On Monday I went to the One Day Without Us protest in Manchester, organised alongside many other similar events around Britain, to offer some sort of solidarity to people who currently find their future in Britain uncertain following Brexit. We like to call such people migrants but they are yes, people like you and me.
I’m not a veteran protestor (I find myself embarrassed by my own chanting!) but I hate the demonization of migrant people and the sanctimonious we-were-born-here verbosity of privilege that has for some become the post-Brexit currency of UK citizenship.
When I was growing up in Lincolnshire the closest thing we had to a migrant was me, I came from Lancashire. I can understand how easy it is to fear and blame the migrant, with their strange Lancastrian accent, and propensity to clog dance, but as the old (immigrant) proverb from the film Strictly Ballroom goes “A life lived in fear, is a life half lived”.
If Britain signs up for the Brexit-at-any cost exit it is currently heading towards we can safely say that a fear of migrants will have taken Britain into a half-life experience. It will be like living in a street where all the other neighbours are organising a party to which we will never be properly invited. As they say in Lancashire, ‘don’t cut off tha nose to spite tha face’.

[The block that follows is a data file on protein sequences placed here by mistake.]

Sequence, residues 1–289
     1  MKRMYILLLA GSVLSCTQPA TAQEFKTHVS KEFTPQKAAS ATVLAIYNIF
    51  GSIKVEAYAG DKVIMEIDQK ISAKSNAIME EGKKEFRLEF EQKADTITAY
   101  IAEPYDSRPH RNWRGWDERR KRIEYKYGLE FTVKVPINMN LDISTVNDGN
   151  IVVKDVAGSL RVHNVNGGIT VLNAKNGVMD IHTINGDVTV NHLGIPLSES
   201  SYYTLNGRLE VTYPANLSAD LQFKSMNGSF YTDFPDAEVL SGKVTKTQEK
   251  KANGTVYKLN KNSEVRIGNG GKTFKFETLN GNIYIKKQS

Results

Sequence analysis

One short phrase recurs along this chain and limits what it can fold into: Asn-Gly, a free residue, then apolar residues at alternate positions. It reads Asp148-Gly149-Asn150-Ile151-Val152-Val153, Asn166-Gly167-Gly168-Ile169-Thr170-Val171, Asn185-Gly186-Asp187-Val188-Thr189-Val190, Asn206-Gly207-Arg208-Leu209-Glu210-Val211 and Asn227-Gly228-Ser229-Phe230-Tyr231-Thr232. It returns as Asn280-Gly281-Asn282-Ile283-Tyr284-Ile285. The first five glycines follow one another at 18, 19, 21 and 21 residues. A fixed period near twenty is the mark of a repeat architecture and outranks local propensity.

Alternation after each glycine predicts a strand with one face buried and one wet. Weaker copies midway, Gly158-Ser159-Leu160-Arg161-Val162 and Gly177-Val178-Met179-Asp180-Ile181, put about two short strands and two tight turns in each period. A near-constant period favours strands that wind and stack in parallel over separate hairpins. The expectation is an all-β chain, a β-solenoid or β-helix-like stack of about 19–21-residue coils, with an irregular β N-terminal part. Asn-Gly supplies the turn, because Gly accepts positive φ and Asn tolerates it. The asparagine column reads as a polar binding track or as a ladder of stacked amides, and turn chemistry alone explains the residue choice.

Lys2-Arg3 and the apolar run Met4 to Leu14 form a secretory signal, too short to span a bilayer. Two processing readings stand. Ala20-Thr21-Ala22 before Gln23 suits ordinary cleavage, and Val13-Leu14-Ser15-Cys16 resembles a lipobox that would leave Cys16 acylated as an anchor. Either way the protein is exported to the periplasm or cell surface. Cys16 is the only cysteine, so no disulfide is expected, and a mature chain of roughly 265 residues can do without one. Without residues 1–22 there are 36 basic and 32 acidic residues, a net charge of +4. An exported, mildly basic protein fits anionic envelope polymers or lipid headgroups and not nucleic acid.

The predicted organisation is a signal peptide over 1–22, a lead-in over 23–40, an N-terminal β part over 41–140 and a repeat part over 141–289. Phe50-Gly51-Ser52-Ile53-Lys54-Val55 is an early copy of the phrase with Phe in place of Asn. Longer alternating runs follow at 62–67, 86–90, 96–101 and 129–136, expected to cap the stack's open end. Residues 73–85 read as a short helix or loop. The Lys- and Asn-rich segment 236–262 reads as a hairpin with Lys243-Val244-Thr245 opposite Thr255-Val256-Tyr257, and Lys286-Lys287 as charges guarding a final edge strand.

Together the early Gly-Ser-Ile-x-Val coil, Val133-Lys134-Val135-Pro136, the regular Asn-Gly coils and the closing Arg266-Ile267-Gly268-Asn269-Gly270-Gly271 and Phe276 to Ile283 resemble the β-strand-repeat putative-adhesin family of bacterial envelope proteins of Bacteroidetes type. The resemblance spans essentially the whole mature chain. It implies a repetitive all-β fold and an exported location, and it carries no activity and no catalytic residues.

I’ve never really taken advantage of the European party. I’ve lived in Britain my whole life. For many years I hardly left Wales. I love it here. But that love comes in part from a safe place knowing that we are part of something bigger, a continent-wide family of nations bound by meetings.
In Britain we have had one vote on Europe, to leave the institution called the EU. We didn’t have a vote to leave the single market. We didn’t vote to stop freedom of travel. We didn’t vote for Theresa May’s government. The Conservatives didn’t even vote for Theresa May’s leadership.
There is no democratic mandate for what is happening right now and yet it will determine the national psyche, probably at least until I’m nearing retirement. Not being able to vote again on all these fundamentally important issues will create unhealable division and a national trauma (not just the 48% of us who confidently and without fear voted remain, but those of the 52% who didn’t think they were voting for all this other stuff and will slowly start to hate their own decision).
So now is the time to say something. To stick up for ourselves, our democracy and our values, and for refugees, EU workers living here, friends and neighbours who come here to study or work, or just to be with us. We need you and we want you to be part of our lives. If one single friend has to leave Britain because of our decision to leave the EU I will be as mad as hell! So I’m practicing my chanting. No room for embarrassment any more.
‘No hate, no fear, refugees are welcome here’
‘No, hate, no fear, EU migrants welcome here’
‘No hate, no fear, all migrants welcome here’
‘No hate, no fear, we are all migrants here’.